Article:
Kimber’s Ultra Raptor II provides shooters an ultra-compact carry powerhouse with talon sharp styling. For those who like an edgy look and capable .45 ACP firepower, the Ultra Raptor II is worth a close look.
“In use, the small Kimber Ultra Raptor II was deadly accurate with manageable recoil, even with ball ammo.”
The short, 3-inch bull barrel mates directly with the slide of the compact Kimber Ultra Raptor II.
The pistol’s lightweight aluminum frame contributes to its easy-to carry weight of 25 ounces.
Accuracy was quite good at 15 yards, with a tightest group of 0.80 inches.
The frontstrap (above) of the pistol features the unique scalloped grooves.
The unique scalloped groove of the frontstrap match up with with those of the grips and slide serrations.
Some would call it an omen, others irony. I heard the hoarse, rasping scream of a red-tail hawk from above as I packed the truck for range testing. It screeched again, circling over the trees. “Yes, your point is taken,” I responded. “Thanks for the advice.” I always hold judgment until the brass has cooled and the data read, but I had already started to form an opinion on the Kimber Ultra Raptor II.
The Ultra Raptor II uses Kimber’s compact Ultra 1911 platform that is built with a 3-inch barrel and shorter grip receiver. The Raptor comes out of Kimber’s Custom Shop. The striking metal work is what first catches the eye with the Raptor.
It features aggressively textured metal surfaces with looks that can kill. Though the Kimber Custom Shop has given the Raptor line of pistols a distinctly avian appearance, this compact pistol is not just good looking. When needed, the claws (or should I say talons) come out. The lightweight Ultra Raptor II can be called in swiftly, and with .45 ACP force!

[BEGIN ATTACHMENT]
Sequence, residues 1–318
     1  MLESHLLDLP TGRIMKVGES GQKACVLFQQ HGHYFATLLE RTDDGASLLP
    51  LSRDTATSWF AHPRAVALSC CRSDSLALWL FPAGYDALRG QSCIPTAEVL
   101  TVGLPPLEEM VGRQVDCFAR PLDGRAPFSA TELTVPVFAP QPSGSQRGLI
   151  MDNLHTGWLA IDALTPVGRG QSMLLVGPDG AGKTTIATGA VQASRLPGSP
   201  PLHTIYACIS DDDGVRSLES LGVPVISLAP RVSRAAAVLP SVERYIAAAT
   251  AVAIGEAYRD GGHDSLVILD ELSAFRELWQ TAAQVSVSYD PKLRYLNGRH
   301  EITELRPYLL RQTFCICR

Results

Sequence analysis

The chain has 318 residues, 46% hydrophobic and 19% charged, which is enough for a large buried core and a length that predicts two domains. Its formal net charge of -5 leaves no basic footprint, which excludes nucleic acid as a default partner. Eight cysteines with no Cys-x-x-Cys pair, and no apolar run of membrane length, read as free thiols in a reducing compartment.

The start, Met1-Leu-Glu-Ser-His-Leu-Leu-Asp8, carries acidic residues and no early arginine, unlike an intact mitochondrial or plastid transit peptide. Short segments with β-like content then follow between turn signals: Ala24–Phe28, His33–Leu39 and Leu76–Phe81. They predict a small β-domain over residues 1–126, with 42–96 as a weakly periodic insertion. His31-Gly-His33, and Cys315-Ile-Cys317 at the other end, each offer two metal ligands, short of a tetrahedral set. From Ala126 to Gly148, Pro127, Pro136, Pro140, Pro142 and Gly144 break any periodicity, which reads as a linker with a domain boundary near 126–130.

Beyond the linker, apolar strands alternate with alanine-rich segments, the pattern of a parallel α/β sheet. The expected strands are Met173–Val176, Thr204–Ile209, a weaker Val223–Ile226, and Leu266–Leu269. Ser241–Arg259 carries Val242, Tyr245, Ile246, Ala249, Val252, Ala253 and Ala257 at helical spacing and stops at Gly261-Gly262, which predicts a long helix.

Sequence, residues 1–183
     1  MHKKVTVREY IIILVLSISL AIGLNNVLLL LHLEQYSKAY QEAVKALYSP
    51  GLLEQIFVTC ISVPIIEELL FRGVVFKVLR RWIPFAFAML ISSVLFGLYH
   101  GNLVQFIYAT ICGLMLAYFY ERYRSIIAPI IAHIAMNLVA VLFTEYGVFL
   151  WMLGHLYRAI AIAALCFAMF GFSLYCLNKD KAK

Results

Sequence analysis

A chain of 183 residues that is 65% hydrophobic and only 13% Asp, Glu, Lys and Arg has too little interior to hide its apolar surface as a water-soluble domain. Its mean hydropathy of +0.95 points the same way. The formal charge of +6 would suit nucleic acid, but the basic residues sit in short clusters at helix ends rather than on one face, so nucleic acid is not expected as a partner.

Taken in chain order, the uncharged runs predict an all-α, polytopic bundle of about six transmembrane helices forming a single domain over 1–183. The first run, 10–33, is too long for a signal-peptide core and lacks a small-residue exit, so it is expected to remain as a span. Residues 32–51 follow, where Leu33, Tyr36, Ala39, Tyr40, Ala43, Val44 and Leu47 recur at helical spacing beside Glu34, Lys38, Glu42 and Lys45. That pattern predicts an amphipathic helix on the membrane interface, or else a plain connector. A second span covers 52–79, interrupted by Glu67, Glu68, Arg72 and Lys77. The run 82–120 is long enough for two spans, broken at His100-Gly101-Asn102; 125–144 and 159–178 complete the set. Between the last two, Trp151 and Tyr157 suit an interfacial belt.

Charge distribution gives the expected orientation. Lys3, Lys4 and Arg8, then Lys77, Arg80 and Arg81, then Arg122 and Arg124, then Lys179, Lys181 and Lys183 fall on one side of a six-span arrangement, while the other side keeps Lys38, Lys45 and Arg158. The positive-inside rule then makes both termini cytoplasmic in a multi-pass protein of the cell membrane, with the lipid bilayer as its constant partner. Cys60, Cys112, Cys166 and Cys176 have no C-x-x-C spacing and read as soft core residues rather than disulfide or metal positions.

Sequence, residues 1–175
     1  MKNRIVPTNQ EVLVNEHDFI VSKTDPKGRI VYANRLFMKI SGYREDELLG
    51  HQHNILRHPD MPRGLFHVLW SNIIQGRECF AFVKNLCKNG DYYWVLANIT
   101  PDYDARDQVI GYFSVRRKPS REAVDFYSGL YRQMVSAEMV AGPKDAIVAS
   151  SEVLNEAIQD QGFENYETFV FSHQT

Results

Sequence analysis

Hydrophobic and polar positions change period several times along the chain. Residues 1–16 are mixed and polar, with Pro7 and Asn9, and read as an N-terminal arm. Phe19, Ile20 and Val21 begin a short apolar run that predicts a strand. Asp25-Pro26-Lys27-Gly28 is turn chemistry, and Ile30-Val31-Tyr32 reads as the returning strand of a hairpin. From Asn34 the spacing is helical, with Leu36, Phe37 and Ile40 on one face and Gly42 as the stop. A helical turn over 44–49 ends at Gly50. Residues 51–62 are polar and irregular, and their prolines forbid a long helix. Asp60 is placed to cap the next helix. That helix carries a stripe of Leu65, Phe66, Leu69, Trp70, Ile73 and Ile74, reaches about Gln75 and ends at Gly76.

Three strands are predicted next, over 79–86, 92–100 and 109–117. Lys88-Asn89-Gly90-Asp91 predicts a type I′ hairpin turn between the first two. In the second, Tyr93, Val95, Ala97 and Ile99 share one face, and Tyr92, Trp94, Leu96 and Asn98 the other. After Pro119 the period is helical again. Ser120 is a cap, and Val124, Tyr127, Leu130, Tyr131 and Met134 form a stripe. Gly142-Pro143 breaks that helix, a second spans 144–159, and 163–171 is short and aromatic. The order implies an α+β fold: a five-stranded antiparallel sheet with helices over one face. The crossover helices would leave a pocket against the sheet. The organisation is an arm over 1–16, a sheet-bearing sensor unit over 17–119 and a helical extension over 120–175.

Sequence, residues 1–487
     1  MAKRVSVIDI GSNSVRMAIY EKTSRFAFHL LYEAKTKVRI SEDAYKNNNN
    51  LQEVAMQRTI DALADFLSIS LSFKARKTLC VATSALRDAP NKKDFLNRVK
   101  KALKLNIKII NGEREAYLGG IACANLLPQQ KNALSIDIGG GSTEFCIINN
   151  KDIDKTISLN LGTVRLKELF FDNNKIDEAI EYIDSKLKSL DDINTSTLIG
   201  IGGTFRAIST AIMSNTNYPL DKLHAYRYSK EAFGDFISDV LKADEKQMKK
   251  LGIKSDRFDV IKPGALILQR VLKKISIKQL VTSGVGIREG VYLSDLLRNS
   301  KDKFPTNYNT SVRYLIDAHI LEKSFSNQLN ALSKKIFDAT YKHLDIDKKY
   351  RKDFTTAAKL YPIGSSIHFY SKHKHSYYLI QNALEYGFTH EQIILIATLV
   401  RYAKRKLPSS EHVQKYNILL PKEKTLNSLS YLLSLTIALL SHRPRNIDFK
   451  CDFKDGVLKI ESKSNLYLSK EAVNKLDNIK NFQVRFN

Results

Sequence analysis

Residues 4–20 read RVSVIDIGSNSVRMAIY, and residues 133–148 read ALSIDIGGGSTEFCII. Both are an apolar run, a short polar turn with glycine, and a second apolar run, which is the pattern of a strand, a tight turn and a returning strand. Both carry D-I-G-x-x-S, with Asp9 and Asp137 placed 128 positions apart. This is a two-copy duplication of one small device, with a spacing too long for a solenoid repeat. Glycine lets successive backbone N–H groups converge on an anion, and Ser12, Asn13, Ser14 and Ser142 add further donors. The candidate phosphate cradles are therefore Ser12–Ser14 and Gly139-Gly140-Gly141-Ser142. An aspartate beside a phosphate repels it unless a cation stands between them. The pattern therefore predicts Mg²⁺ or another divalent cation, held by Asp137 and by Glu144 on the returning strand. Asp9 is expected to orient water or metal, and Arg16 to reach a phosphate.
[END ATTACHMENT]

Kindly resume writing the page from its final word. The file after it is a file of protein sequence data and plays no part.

The frame of this compact 1911 is aluminum. It is light in the hand and easy on the hip when carrying. The grip frontstrap is textured in a scale pattern that affords a good grip. In hand it does not feel toothy and sharp like checkering. It is comfortable, yet it grips. The flat mainspring housing sports traditional checkering. Together, they work well when gripping and look good. The beavertail grip safety protects the hand from hammer bite without being too large. It did not print when I carried it concealed. The speed bump ensures the grip safety is deactivated with even a less-than-perfect grip. A full-size, ambidextrous thumb safety is featured on the Ultra Raptor II, and it works—with distinct clicks locking the slide and the trigger. With either hand I was able to flick the thumb safety on or off quickly.
The match-grade trigger is made from aluminum and sports three holes. The trigger face is finely grooved. I prefer grooved triggers on 1911s since my finger seems to get better traction, especially when I’m firing for speed. A hole in the front of the trigger face allows a user to adjust the trigger stop. The factory trigger stop suited me, so I did not adjust it. I liked the feel and the trigger pull on the Ultra Raptor II. On average, the pull weight was slightly over 4 pounds. This is a good trigger pull weight for concealed carry when you have had training on the 1911 platform.
The Ultra Raptor II is a Kimber Series II pistol, meaning it is equipped with a firing-pin safety. The grip safety needs to be depressed to disengage the firing pin block, which then allows the pistol to fire. Some other manufacturers, like Colt, use a firing-pin block connected to the trigger.
The zebrawood grips continue the scale theme. They are carved with a scaly pattern that provides smart looks and a good grip. The stocks are held down by hex bolts.
The slide is made from steel. At the rear, the serrations are a scale pattern that offers the same type of grip purchase as grooved or traditional rear slide serrations. Pinch it and pull it back; no extra effort is required. Like all Kimber 1911s, the ejector port is lowered and flared, allowing the Ultra Raptor II to belch out empties with ease. As much as the striking looks of the Ultra Raptor II are pleasing to the eye, they are also functional. The top of the slide is flattened with a back-cut, feathered row of scales running the full length of the slide. This pattern helps dampen any glare along the slide.